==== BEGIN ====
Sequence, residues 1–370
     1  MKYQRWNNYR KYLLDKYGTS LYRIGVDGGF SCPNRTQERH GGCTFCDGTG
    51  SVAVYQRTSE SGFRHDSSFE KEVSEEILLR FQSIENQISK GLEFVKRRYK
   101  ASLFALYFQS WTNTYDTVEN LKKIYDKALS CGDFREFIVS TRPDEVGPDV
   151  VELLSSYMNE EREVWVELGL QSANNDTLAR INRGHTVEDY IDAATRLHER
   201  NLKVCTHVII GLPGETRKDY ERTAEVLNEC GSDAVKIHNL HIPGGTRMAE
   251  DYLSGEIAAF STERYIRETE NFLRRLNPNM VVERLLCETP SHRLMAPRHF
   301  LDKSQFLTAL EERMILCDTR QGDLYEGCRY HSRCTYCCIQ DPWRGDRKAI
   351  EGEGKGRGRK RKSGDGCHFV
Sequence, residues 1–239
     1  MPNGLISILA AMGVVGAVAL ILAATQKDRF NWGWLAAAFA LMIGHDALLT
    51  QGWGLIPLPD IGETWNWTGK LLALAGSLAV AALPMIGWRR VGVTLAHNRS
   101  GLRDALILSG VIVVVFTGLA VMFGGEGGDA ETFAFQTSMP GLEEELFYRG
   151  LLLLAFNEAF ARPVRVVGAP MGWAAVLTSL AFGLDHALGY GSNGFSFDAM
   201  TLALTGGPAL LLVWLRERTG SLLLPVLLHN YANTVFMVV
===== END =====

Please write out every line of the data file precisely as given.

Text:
Sequence, residues 1–370
     1  MKYQRWNNYR KYLLDKYGTS LYRIGVDGGF SCPNRTQERH GGCTFCDGTG
    51  SVAVYQRTSE SGFRHDSSFE KEVSEEILLR FQSIENQISK GLEFVKRRYK
   101  ASLFALYFQS WTNTYDTVEN LKKIYDKALS CGDFREFIVS TRPDEVGPDV
   151  VELLSSYMNE EREVWVELGL QSANNDTLAR INRGHTVEDY IDAATRLHER
   201  NLKVCTHVII GLPGETRKDY ERTAEVLNEC GSDAVKIHNL HIPGGTRMAE
   251  DYLSGEIAAF STERYIRETE NFLRRLNPNM VVERLLCETP SHRLMAPRHF
   301  LDKSQFLTAL EERMILCDTR QGDLYEGCRY HSRCTYCCIQ DPWRGDRKAI
   351  EGEGKGRGRK RKSGDGCHFV
Sequence, residues 1–239
     1  MPNGLISILA AMGVVGAVAL ILAATQKDRF NWGWLAAAFA LMIGHDALLT
    51  QGWGLIPLPD IGETWNWTGK LLALAGSLAV AALPMIGWRR VGVTLAHNRS
   101  GLRDALILSG VIVVVFTGLA VMFGGEGGDA ETFAFQTSMP GLEEELFYRG
   151  LLLLAFNEAF ARPVRVVGAP MGWAAVLTSL AFGLDHALGY GSNGFSFDAM
   201  TLALTGGPAL LLVWLRERTG SLLLPVLLHN YANTVFMVV